Elinor Claire Ostrom was born to Leah and Adrian Awan in Los Angeles, California on August 7, 1933 and died on June 12, 2012. She attended Beverly Hills High School and received her B.A. and Ph.D. degrees from UCLA. In 2009 she received the Sveriges Riksbank Prize in Economic Sciences in memory of Alfred Nobel for ‘her analysis of economic governance, especially the commons.’ She shared the prize with Oliver E.Williamson and is the only woman to have won the Nobel Prize in this category. The study of human interaction with the environment for sustainable development was her special field of interest, and she conducted her research in Nepal and Africa. She observed how the natives managed their pastures and irrigation systems. She arrived at the conclusion that the human-ecosystem interaction is a multidimensional phenomenon, and no single solution is applicable to all situations and should be seen in their specific perspectives.
4. Vinton Gray Cerf
Vinton Gray Cerf was born to Muriel and Vinton Thurston Cerf in New Haven, Connecticut on June 23, 1943. He graduated from UCLA earning his M.S. in 1970 and received his Ph.D. degree in 1972. Cerf won the Edward A. Dickson Alumnus of the Year Award from UCLA. Cerf and Kahn were awarded the Turing Award. President George W. Bush awarded them the Presidential Medal of Freedom in November, 2005 for their contribution in the development of the Internet. He has been honored with numerous honorary degrees and medals and is considered the Father of Internet.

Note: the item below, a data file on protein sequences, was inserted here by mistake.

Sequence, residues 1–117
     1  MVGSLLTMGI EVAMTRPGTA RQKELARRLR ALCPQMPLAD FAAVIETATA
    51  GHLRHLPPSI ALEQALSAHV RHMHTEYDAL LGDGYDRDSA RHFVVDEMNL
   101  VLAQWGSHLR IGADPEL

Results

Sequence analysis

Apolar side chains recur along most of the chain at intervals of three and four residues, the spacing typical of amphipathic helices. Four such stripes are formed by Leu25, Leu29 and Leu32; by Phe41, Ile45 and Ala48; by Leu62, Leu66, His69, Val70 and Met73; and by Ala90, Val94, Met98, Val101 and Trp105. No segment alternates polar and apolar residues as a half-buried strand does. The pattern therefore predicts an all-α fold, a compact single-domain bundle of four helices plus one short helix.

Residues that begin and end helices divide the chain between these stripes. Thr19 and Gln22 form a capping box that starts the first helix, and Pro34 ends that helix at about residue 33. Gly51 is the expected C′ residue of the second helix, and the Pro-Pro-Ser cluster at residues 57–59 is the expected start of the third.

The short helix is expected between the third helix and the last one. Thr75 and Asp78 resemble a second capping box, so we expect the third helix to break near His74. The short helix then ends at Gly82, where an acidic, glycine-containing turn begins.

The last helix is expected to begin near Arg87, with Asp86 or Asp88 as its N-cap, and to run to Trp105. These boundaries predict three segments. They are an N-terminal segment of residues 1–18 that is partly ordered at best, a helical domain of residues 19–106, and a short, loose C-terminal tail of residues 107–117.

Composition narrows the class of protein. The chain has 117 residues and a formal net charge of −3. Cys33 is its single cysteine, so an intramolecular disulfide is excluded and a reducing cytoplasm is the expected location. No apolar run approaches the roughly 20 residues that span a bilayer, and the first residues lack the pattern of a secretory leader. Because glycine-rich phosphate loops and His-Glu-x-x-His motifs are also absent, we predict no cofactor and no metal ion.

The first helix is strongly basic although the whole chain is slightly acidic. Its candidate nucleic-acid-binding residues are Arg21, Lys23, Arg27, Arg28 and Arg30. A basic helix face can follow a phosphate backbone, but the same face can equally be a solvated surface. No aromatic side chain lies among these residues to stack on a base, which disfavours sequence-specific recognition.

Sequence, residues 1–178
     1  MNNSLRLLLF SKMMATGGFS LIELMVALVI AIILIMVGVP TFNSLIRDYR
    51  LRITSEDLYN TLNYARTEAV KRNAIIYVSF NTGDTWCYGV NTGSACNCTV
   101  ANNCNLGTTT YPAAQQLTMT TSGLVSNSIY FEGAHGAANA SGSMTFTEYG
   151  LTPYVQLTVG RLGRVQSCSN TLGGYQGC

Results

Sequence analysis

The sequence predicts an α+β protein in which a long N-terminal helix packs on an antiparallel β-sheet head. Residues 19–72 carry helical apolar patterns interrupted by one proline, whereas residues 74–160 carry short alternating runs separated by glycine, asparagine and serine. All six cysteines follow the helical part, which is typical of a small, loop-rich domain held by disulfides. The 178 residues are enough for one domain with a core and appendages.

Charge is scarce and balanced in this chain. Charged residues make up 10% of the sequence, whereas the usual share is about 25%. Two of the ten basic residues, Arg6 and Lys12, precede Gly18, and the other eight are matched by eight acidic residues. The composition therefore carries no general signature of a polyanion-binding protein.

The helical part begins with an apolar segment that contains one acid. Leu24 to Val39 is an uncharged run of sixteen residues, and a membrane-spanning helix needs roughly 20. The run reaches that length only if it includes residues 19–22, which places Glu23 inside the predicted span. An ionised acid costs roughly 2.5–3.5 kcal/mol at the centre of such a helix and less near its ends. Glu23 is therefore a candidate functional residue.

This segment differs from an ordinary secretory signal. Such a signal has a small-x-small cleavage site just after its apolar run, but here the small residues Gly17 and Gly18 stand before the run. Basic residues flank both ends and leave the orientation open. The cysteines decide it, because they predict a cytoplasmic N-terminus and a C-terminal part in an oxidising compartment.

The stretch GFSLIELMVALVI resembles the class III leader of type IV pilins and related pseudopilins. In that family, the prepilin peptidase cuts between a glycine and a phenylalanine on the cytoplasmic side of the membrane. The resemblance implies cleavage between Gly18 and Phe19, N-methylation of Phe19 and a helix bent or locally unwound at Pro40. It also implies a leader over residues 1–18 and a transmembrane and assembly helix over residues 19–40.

5. Ronnie Walter Cunningham
Ronnie Walter Cunningham, better known as Ronnie Cunningham, was born in Creston, Iowa on March 16, 1932. Cunningham earned his bachelor’s and master’s degrees from the University of California, Los Angeles. He is a retired fighter pilot and astronaut. Following Neil Armstrong and Elliot, he was NASA’s third civilian astronaut. He had spent 10 days, 20 hours, and 8 minutes in space. He was the Lunar Module pilot during the Apollo 7 mission. He published The American Boys in 1977, and in 2007 wrote the foreword for the history book of space In the Shadow of the Moon. In 2008, he was awarded the NASA Distinguished Service Medal for the Apollo 7 mission
6. Anna Lee Tingle Fisher
Anna Lee Tingle Fisher was born in New York City, New York on August 24, 1949. She was brought up in San Pedro, California and attended San Pedro High School. She graduated (B.Sc. Chemistry) from the University of California, Los Angeles in 1971. She received her Doctor of Medicine degree from UCLA Medical School in 1976. She was the mission specialist on STS-61 launched on November 8, 1984. She is the first woman to give birth to a child in space. Fisher spent 192 hours in space. She is the recipient of the UCLA Professional Achievement Award, UCLA Medical Profession Achievement Award, and the UCLA Alumni of the Year Award, 2012. She has also received a NASA Space Flight Medal and a NASA Exceptional Service Medal.
7. David Da-i Ho